Online fraud is a constantly evolving threat to all of us. We, along with our partner, Charles Schwab, continue to remain diligent and hyper aware of the fraudster’s latest tactics to help keep our clients safe. The fraudsters continue to get savvier and more creative with their schemes; no longer is it only those deemed “vulnerable” who are getting duped!
Most folks know not to provide personal information via an email or phone request. Most also know not to click on links or attachments in emails you are not expecting. However, we thought we’d share three cases of recent, more elaborate fraud attempts as practical examples to help heighten your awareness:
- Merchant Credit Case: This is a scam where a fraudster gains access to your bank account. Not only do they have your routing number and account number, but they can also view recent data. First, they initiate a pending merchant credit appearing to be from a vendor of one of your most recent purchases. Then, the scammer will call you to share a sob story about how they screwed up the transaction and accidentally gave you a credit and ask you to please wire the money back so they don’t get in trouble with their boss. After you wire the money, the pending credit disappears!
- Email Takeover Case: This is a sophisticated scam where hackers take over and clone your email account to initiate correspondence with your financial institution and impersonate you. The scammer will request a “third-party” wire and work electronically with the institution’s representative to authorize the instructions. Marquette and other reputable financial institutions verify new wire transfer instructions verbally with our clients before releasing funds to help protect them from this scam.
- Publisher’s Clearing House Case: In a sweepstakes scam, the crooks often try to convince you that you'll be sent a huge check for your prize after you pay taxes and processing fees. Typically, they will ask you to put cash on gift cards (BIG red flag) then read the gift card number and pin to them. They might also ask you to simply wire the funds and they will release your prize. Legitimate sweepstakes never request money in advance of collecting a real prize, nor do they require a purchase to win.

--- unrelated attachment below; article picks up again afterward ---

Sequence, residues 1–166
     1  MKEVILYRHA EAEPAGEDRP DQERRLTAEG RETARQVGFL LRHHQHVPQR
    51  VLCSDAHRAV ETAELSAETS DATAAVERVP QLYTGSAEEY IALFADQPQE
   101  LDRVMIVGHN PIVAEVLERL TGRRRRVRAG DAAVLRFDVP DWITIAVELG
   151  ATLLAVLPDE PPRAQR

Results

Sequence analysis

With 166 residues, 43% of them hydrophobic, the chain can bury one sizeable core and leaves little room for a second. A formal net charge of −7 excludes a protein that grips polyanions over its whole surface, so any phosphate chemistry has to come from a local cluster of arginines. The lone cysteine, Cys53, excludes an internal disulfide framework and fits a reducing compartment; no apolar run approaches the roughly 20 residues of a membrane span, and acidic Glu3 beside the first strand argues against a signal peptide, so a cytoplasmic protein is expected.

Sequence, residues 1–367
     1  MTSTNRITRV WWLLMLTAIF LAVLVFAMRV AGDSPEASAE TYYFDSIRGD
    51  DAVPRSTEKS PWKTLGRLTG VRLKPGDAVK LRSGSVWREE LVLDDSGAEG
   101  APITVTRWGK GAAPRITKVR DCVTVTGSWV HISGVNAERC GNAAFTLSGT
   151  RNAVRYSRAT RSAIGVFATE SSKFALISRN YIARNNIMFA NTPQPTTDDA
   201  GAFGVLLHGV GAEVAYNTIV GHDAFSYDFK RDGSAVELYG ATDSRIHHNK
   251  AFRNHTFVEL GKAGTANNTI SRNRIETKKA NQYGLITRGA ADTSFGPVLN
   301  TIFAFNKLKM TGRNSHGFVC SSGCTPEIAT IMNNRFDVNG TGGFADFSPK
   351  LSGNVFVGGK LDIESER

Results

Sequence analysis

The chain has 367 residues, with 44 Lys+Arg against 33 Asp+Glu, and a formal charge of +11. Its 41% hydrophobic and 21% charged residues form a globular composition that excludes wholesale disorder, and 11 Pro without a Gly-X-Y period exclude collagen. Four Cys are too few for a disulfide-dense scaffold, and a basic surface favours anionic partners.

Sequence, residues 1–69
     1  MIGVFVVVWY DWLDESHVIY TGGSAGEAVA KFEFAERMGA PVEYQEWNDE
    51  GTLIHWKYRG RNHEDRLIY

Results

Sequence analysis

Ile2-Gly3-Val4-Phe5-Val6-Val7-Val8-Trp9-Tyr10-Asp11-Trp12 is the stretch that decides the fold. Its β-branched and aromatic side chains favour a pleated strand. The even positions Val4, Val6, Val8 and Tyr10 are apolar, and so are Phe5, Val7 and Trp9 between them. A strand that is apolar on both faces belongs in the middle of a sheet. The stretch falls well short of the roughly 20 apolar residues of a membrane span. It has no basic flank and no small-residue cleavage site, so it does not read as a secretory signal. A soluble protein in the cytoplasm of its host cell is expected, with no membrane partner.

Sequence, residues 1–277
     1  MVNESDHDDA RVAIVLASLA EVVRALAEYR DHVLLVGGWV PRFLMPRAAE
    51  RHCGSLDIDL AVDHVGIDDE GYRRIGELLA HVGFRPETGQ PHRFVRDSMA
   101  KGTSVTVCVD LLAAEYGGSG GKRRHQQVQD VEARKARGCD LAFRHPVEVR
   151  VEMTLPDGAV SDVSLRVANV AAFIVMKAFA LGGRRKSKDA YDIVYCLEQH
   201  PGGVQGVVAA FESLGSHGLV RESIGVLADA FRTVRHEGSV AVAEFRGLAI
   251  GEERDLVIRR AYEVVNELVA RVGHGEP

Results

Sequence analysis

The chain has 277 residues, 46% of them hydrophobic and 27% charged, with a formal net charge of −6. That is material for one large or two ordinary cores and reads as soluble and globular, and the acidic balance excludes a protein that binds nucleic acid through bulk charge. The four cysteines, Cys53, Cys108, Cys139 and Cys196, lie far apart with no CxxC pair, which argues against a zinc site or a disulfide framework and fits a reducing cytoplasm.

In addition to bringing awareness by sharing these cases, we want to provide the confidence and assurance that we have strong fraud prevention procedures in place to protect our clients. We even have an outside service that regularly tests us with fake phishing emails.
Keep in mind, whenever we ask for details on requests for money movement, we aren’t being nosey, we genuinely want to be that “second set of eyes” for our clients. Our team is committed to keeping you from being a victim of fraud.
Finally, we thought we’d leave you with some good resources to review and retain for reference:
Schwab’s How to Prevent Identity Theft: Identity Theft Prevention | Charles Schwab
Schwab’s Identity Theft Checklist: Identity Theft Checklist | Charles Schwab
The Federal Trade Commission Identity Theft Guide: Identity Theft Guide and Checklist | FTC